But we should also note that, in the meantime, he continued to head a government which sought to focus upon the day job. His calculation was that the people of Scotland wanted Holyrood to work in their interests, not solely to be a platform for permanent protest and conflict.

Which brings us to today. Party leaders know that they need to regroup. They know that they fell back at the most recent UK general election. But they regard talk of crisis as ludicrous.

They make a number of points:

  • that the 2015 UK election followed the indy referendum and was exceptional
  • that the more recent UK election was overshadowed and thus influenced by new divisions caused by the EU plebiscite
  • that the SNP still contrived to win both elections, and the Holyrood contest

Rivals will say, and do say, that these comments represent defiance from a party on the slide. And, certainly, those losses at the most recent UK election were substantial and included big names.

The SNP leadership knows that only too well. It suspects that folk may be scunnered with contemporary politics, especially the focus upon the constitution. Hence, the endeavour to offer to work in tandem with the mundane concerns of the voters.

Image copyright AFP

But that does not mean, to restate, that the objective of independence has been lost. They remain committed to pursuing such an objective via a further referendum - which, to be clear, would require agreement with the UK government and a transfer of temporary power, as in 2014.

Timing for this is not in SNP hands. Nicola Sturgeon knows that Brexit has left folk disquieted - that now may not be the time to add the further complexity of an independence referendum into the mix.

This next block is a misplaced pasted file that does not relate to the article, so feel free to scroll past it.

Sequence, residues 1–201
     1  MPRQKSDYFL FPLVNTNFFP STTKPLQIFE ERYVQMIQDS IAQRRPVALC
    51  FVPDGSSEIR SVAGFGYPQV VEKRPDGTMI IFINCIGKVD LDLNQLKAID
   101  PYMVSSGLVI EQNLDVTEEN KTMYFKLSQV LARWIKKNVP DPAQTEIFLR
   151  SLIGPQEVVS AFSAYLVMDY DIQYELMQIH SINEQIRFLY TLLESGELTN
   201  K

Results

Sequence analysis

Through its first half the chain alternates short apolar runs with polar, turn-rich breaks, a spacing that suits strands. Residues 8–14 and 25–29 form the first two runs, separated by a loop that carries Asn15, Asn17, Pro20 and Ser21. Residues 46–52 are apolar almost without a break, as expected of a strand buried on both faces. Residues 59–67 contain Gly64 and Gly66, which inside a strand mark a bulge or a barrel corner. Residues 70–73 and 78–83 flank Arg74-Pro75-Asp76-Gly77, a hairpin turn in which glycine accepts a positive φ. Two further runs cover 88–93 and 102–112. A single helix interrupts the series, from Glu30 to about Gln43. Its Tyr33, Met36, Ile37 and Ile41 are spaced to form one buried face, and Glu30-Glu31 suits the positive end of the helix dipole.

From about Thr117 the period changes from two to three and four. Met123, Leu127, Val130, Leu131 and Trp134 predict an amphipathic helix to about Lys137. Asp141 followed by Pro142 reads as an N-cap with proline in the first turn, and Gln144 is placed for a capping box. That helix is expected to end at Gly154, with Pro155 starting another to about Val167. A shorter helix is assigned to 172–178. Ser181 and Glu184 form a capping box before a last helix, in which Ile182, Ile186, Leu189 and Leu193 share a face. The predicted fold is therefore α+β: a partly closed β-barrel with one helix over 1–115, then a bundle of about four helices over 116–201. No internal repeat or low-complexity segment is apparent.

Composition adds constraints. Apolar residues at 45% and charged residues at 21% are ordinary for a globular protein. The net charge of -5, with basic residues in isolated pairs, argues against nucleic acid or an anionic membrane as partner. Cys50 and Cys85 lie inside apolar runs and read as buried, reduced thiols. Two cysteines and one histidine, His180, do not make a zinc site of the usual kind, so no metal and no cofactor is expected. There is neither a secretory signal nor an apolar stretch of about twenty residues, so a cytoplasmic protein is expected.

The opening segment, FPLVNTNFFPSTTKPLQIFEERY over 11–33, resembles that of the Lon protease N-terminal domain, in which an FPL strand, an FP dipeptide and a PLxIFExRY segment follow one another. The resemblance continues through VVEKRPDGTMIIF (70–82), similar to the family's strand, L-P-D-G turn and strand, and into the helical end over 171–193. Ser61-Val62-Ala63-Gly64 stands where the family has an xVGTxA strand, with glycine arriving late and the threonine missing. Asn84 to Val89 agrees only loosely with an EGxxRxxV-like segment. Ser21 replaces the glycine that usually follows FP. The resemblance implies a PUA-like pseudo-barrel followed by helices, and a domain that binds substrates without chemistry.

Hence her decision to defer the potential date for indyref2 until the shape of Brexit is more clearly understood. But, still, Mike Russell - the minister for mitigating Brexit - insisted Scotland would be offered a choice at some point. Just not now.

Friendly relations

There is a further, more fundamental, calculation. Popular will. For the umpteenth time, Nicola Sturgeon does not want to call a referendum. She wants to win one. Hence her caution.

And there is a cautious note too with regard to events in Barcelona. Many delegates here would instinctively cheer "visca Catulunya" - but many are also leery about seeming to draw any form of parallel between the Catalan situation and the position in Scotland.

For one, history in each case is very different. For another, the narrative offered by the SNP is one of a consensual reframing of the Union, of independence by popular Scottish will, with the ballot permitted by the UKG.

The aftermath, in the SNP view, would be Scotland maintaining friendly relations with her nearest neighbour.

Events in Catalunya are uncertain, to say the least, but for now it is difficult to apply such a consensual narrative to the images from Madrid and Barcelona. Hence the SNP caution, here at a cautious conference.

More on this story

Related Internet links

The BBC is not responsible for the content of external Internet sites